Themed Book Talks: Offering Challenge and Choice

“I’d like to talk to you about some books.”

That’s how I start nearly every class period. My students are ready with their own independent reading books, and their phones are usually on their desks, which is what I want. They’ve got their next reads list in the notes app, and they are ready to add some new titles to the lists. They just need some inspiration!

I’ve tried a few different ways to introduce students to books, and there are all sorts of strategies that work. I’ll describe the one I’m currently using; students are enjoying it, and I am getting titles in front of them en masse.

I’ve explained in previous posts that my students set some second semester goals by drawing randomly themed cards out of a bag. The themes offer challenge and choice, and generally serve to expand their comfort zones.

I’ve started drawing cards out of the bag, too, and those cards are now shaping my themed book talks.img_7298

Today’s book talk theme was nutrition. Included in our grouping: a multicultural cookbook, some nonfiction about the Irish potato famine (also counts for the immigration card), Eating Animals by Jonathan Safron Foer, the Neil Flambe series, Kitchen Confidential by Anthony Bourdain, a quirky graphic novel titled Chew by John Layman, and Relish: My Life in the Kitchen by Lucy Knisley. By the end of the day my students had added more titles: Sickened: The True Story of a Lost Childhood by Julie Gregory, and Wintergirls by Laurie Halse Anderson to name a couple.

Some recent themes have been Feeling Musical? and A Midwinter Infusion of Summer and Sunshine.img_7259

I included  A Rose that Grew From Concrete, by Tupac Shakur, The Anthology of Rap, The Hip Hop Family Tree, and Questlove’s Mo Beta’ Blues. I also included the Nicolas Sparks book The Last Song, a novel called Dirt Music, and a Meg Cabot called Teen Idol. I try to vary the types of books included in these themed book talks even though they all center around a fun theme. Students should be able to find something that piques their interest in a grouping like this.

For the summer themed grouping, I included The Summer I Turned Pretty, a YA novel by Jenny Han, Fever 1793 by Laurie Halse Anderson, The Sisterhood of the Traveling Pants series, and Make Lemonade, the first of a trilogy written in verse. I also included a graphic novel: Sunny Side Up, and an old favorite, Summer of the Monkeysimg_7247

I also included some nonfiction: The Warmth of Other Suns: The Epic Story of America’s Great Migration by Isabel Wilkersonand and When a Crocodile Eats the Sun: A Memoir of Africa by Peter Godwin.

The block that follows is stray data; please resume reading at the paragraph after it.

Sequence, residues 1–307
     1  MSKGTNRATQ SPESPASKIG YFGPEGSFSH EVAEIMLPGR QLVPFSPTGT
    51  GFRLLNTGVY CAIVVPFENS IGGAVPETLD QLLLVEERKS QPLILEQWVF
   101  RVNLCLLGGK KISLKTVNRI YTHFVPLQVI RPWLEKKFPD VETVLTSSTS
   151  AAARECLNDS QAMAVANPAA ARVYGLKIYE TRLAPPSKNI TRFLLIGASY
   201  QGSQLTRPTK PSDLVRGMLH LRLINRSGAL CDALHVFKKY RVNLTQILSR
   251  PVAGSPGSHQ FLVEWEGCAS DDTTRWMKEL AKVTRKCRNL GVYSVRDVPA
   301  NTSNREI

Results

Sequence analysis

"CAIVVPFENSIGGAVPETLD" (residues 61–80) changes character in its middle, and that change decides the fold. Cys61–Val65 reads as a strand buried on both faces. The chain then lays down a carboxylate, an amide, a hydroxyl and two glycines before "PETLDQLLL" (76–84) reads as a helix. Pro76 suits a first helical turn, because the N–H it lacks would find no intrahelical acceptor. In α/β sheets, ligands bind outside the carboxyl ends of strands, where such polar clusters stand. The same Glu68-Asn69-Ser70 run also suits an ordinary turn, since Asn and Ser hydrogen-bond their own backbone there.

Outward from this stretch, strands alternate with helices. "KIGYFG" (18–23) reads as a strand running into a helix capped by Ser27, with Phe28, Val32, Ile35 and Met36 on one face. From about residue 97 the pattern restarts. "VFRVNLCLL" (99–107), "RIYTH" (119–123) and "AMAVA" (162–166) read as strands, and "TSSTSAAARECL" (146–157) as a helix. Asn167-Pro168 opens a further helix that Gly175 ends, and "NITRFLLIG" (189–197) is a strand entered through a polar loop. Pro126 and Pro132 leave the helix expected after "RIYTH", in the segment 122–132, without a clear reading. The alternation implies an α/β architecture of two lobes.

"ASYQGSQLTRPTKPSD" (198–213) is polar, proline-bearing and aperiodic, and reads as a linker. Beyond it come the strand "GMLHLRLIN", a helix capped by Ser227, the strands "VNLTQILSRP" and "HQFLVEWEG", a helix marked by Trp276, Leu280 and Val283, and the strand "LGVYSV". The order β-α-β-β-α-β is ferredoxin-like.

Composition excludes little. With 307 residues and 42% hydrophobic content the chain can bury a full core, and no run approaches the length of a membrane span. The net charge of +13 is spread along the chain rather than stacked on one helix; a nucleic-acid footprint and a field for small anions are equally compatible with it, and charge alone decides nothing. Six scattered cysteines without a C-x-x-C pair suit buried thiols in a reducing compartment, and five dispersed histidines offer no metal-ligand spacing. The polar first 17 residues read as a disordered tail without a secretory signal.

The element of choice is what makes these book talks powerful. Students can absolutely count on the fact that any group of books will have a range of reading levels and interests even if they surround the same theme. Students have agency within the boundaries. They know they need to read more and different books, but they know that they ultimately have the choice about what to choose and whether they will finish or drop any given book. They are getting better and better at choosing books they like, so they are dropping fewer and fewer books. They are responding just like they are supposed to, which is also a great motivator for me as a teacher. Everyone seems to win in this game.

I’ll list some of my categories below:

nonfiction choice

about YOU


nonfiction 812-939

nonfiction companion to a novel you’ve read

published pre-1900

setting in South Africa

natural disaster


creatures that aren’t real

main character is under the age of 12


an important character is old

banned or challenged

unreliable narrator

detective fiction

something from the elementary side


coffee table book

graphic novel

more than 100 pages and has pictures

a book you wish you’d read in middle school

one book in a new to you series 

Perhaps I’ll put all of the categories in a later post, but for now I’m imagining that you get the idea. A category can by anything, as long as the student has challenge and choice while she is branching out to new ideas and types of books.

Like Penny Kittle says, the whole point is to create readers. In order to do that, I book talk every day, show students that I am excited about books and their reading lives, and get a variety of books into their hands.

Author: adventuresinhighschoolworkshop

Julie has been teaching secondary language arts for nineteen years, spending the first fifteen in rural Central Oregon, four in Amman, Jordan, and is currently in her second year teaching in Managua, Nicaragua.

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